Beales appeared opposite Sting in 1985’s The Bride and played a leading role in 1989’s Vampire’s Kiss, one of Nicolas Cage’s most underrated movies. And while she never replicated Flashdance’s success, the film was enough to cement her reputation as one of the most beloved 80s actresses.
In 1985, Whoopi Goldberg received her breakthrough thanks to her performance as Celie in Steven Spielberg’s period drama The Color Purple. Goldberg’s work earned her an Oscar nomination, making her the only Black woman to earn a Lead Actress nod during the ’80s; to this day, many film lovers believe she should’ve won.
Between 1985 and 1988, Goldberg made seven films, including Penny Marshall’s directorial debut, Jumpin’ Jack Flash. A gifted comedian, Goldberg also hosted multiple HBO Comic Relief specials alongside fellow comedians Robin Williams and Billy Crystal.
One of the most lauded 80s actresses, Jessica Lange had her breakthrough in the 1976 King Kong remake. However, her most successful year would be 1983, thanks to her roles in Tootsie and Frances. She received Oscar nominations for both and won Best Supporting Actress for the former.
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Lange would receive another two nominations during the ’80s for Country and Sweet Dreams. And while her filmography during the second half of the decade included mostly low-budget films that underperformed at the box office, her performances were always highly praised.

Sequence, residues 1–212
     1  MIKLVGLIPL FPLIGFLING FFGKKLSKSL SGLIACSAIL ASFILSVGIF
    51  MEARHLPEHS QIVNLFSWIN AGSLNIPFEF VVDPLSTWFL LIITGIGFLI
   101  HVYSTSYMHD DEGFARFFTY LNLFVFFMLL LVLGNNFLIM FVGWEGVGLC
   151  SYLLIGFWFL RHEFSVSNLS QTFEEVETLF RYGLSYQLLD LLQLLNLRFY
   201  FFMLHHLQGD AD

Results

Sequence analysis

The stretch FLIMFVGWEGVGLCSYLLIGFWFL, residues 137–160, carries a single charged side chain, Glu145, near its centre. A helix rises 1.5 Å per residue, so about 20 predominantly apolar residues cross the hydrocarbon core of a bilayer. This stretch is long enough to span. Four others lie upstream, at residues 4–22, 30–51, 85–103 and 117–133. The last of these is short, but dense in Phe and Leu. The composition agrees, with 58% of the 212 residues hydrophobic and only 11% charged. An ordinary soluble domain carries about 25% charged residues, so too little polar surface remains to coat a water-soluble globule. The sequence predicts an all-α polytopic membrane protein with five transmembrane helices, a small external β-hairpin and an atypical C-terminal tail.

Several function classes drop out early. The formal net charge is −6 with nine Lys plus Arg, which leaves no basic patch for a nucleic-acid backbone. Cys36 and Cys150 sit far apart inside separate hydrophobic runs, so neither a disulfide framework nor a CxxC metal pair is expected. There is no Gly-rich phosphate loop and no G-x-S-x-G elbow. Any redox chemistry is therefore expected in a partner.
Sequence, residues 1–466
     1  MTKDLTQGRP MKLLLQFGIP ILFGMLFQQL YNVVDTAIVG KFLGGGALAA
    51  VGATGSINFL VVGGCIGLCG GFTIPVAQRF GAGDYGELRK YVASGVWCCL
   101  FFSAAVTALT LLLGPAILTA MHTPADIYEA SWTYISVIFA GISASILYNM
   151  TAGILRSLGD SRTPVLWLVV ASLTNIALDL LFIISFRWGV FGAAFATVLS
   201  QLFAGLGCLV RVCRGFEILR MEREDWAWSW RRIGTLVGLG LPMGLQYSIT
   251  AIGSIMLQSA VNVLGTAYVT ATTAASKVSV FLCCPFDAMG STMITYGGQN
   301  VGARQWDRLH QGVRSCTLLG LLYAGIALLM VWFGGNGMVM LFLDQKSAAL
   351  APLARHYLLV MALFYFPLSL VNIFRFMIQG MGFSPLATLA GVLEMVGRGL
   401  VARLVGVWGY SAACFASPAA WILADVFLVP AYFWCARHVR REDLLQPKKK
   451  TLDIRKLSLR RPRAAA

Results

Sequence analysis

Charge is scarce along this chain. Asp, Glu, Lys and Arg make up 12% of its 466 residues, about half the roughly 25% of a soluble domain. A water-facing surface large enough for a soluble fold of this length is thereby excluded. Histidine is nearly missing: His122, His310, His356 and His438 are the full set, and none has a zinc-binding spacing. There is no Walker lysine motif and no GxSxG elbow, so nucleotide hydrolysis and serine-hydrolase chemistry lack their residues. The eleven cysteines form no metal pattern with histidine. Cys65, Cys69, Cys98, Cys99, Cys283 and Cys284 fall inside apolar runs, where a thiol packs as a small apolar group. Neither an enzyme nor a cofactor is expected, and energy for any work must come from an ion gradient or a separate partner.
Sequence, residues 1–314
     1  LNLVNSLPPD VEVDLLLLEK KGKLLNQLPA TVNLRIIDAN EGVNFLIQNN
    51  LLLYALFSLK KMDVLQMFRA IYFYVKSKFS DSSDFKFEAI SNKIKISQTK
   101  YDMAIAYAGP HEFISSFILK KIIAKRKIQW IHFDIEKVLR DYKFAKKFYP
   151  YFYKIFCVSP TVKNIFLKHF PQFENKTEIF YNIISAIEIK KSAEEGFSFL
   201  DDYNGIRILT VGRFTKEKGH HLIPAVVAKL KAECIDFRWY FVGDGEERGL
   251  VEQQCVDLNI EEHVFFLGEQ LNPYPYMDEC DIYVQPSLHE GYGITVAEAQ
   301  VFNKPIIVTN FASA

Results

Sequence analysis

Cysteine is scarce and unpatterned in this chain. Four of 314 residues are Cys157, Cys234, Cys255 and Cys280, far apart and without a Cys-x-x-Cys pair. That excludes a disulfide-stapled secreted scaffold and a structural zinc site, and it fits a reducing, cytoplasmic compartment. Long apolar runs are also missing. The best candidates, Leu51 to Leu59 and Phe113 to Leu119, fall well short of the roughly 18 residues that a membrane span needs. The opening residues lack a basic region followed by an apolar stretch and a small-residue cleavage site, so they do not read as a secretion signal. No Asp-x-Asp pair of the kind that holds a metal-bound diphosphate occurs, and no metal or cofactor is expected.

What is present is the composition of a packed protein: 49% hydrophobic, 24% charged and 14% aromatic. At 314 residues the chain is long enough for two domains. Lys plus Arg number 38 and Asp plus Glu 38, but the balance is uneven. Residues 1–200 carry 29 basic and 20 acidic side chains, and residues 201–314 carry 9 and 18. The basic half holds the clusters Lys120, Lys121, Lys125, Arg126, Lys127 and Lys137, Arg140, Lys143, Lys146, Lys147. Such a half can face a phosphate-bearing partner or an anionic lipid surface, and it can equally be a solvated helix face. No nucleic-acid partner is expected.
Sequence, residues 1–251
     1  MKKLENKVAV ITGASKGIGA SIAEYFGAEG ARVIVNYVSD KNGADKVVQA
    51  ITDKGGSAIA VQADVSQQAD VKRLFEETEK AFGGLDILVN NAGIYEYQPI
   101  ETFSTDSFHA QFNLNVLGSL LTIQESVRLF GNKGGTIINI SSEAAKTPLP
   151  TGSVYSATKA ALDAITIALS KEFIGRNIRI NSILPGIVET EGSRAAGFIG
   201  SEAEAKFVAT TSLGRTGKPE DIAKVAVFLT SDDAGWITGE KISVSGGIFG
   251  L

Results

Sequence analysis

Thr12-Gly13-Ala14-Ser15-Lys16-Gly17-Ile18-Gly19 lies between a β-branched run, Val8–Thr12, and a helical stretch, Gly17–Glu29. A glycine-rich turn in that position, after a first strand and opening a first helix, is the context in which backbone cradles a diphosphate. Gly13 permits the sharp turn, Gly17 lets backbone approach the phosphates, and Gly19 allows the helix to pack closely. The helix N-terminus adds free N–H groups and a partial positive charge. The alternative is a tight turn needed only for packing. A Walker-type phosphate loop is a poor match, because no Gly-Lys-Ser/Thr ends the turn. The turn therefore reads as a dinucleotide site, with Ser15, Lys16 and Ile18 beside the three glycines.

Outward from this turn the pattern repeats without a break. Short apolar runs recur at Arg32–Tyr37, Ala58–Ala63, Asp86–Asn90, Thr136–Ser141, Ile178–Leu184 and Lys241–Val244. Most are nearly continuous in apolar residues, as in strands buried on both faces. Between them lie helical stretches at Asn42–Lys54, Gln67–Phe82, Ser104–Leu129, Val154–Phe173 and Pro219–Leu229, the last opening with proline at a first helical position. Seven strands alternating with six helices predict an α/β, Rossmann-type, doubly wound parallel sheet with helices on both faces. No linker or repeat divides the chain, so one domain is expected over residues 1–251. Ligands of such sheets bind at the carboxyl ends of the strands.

To this day, Molly Ringwald remains the undisputed queen of teen films. Thanks to the consecutive triple act of Sixteen Candles, The Breakfast Club, and Pretty in Pink, Ringwald established herself as a teen movie star and an icon for an entire generation.
Ringwald’s later films, including The Pick-Up Artist and For Keeps, were commercially successful, cementing her place as one of the biggest box office draws of the decade. Her career waned in the ’90s after infamously turning down the lead roles in Pretty Woman and Ghost, but she will forever be one of the most iconic ’80s actresses.
Kathleen Turner rose to prominence at the beginning of the decade thanks to her performance in Lawrence Kasdan’s neo-noir, Body Heat. A string of commercial and critical successes followed, including Romancing the Stone, Prizzi’s Honor, The Accidental Tourist, The War of the Roses, and Who Framed Roger Rabbit?
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For her performance in the 1986 comedy Peggy Sue Got Married, Turner received an Oscar nomination for Best Actress. Despite a slight career slow down in the ’90s after her rheumatoid arthritis diagnosis, Turner has been a steady presence on TV and in the occasional film ever since and is perhaps best known more recently for her role in The Kominsky Method.